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Ruby Programming
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Iterators for Reading

As well as using the usual loops to read data from an IO stream, you can also use various Ruby iterators. IO#each_byte invokes a block with the next 8-bit byte from the IO object (in this case, an object of type File).

aFile = File.new("testfile")
aFile.each_byte {|ch| putc ch; putc ?. }
produces:
T.h.i.s. .i.s. .l.i.n.e. .o.n.e.
.T.h.i.s. .i.s. .l.i.n.e. .t.w.o.
.T.h.i.s. .i.s. .l.i.n.e. .t.h.r.e.e.
.A.n.d. .s.o. .o.n.......
.

IO#each_line calls the block with the next line from the file. In the next example, we'll make the original newlines visible using String#dump , so you can see that we're not cheating.

aFile.each_line {|line| puts "Got #{line.dump}" }
produces:
Got "This is line one\n"
Got "This is line two\n"
Got "This is line three\n"
Got "And so on...\n"

You can pass each_line any sequence of characters as a line separator, and it will break up the input accordingly, returning the line ending at the end of each line of data. That's why you see the ``\n'' characters in the output of the previous example. In the next example, we'll use ``e'' as the line separator.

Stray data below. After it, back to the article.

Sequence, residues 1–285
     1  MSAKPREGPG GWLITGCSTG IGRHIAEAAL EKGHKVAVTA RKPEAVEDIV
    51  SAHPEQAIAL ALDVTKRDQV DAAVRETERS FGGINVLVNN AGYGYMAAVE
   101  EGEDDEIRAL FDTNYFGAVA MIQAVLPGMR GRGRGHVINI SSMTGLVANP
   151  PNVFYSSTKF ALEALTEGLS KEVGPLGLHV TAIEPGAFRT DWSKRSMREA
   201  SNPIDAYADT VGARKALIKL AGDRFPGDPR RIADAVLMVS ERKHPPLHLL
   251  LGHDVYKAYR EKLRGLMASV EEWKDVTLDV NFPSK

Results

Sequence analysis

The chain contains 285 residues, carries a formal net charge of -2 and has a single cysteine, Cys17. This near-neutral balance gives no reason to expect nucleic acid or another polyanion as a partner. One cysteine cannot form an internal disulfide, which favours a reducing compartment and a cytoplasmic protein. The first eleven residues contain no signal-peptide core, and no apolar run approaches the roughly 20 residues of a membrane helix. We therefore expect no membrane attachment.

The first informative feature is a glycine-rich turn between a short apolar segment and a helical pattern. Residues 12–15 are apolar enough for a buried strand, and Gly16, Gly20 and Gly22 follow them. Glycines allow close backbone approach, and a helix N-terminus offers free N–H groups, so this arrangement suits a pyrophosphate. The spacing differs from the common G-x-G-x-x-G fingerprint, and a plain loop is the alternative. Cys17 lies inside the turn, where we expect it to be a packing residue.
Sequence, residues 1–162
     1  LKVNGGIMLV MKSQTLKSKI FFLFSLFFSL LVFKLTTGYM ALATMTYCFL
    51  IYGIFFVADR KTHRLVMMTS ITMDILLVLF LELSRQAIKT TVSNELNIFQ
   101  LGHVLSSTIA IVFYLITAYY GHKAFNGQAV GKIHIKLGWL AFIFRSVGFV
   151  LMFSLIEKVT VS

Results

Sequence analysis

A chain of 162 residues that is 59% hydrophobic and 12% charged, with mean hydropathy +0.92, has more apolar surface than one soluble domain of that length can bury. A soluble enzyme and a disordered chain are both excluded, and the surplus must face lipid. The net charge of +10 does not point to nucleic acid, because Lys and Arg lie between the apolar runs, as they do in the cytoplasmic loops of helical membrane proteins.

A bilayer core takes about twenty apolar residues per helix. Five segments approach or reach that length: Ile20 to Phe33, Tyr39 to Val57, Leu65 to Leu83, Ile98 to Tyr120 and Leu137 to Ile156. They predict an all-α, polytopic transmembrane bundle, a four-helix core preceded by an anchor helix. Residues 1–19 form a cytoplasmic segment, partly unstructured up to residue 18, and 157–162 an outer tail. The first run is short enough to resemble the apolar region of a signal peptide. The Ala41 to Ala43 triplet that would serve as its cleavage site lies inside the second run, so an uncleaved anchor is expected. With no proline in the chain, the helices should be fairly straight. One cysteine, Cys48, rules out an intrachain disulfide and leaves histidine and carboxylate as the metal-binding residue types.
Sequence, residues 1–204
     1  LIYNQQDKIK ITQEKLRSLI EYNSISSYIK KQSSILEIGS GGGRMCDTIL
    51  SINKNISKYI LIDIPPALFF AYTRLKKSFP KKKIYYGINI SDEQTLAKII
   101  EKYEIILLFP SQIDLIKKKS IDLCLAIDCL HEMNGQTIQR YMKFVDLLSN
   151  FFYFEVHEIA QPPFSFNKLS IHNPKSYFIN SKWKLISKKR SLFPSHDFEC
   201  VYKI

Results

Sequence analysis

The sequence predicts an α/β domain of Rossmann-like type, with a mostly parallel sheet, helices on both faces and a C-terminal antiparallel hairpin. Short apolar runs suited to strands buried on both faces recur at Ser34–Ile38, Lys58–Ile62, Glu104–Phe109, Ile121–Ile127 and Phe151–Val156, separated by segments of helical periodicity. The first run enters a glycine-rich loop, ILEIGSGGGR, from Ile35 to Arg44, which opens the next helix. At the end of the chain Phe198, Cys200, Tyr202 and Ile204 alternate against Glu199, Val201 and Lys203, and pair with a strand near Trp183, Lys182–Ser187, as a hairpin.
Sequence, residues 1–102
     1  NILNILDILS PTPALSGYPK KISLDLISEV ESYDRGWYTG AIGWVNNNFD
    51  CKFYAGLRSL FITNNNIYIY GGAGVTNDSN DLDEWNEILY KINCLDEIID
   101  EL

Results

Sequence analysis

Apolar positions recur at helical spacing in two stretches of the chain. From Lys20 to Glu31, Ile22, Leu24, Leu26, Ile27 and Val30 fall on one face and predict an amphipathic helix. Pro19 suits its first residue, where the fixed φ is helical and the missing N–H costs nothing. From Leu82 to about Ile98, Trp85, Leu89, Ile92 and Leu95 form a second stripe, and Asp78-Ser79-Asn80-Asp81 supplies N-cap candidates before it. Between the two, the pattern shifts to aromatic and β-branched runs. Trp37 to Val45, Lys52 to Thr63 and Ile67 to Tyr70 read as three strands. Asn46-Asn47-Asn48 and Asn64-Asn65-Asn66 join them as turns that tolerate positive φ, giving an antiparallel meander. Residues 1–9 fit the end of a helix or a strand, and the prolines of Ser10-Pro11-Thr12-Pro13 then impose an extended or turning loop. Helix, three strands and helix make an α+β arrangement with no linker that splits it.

aFile.each_line("e") do |line|
  puts "Got #{ line.dump }"
end
produces:
Got "This is line"
Got " one"
Got "\nThis is line"
Got " two\nThis is line"
Got " thre"
Got "e"
Got "\nAnd so on...\n"

If you combine the idea of an iterator with the auto-closing block feature, you get IO.foreach . This method takes the name of an I/O source, opens it for reading, calls the iterator once for every line in the file, and then closes the file automatically.

IO.foreach("testfile") { |line| puts line }
produces:
This is line one
This is line two
This is line three
And so on...

Or, if you prefer, you can retrieve an entire file into an array of lines:

arr = IO.readlines("testfile")
arr.length 4
arr[0] "This is line one\n"

Don't forget that I/O is never certain in an uncertain world---exceptions will be raised on most errors, and you should be ready to catch them and take appropriate action.
Ruby Programming
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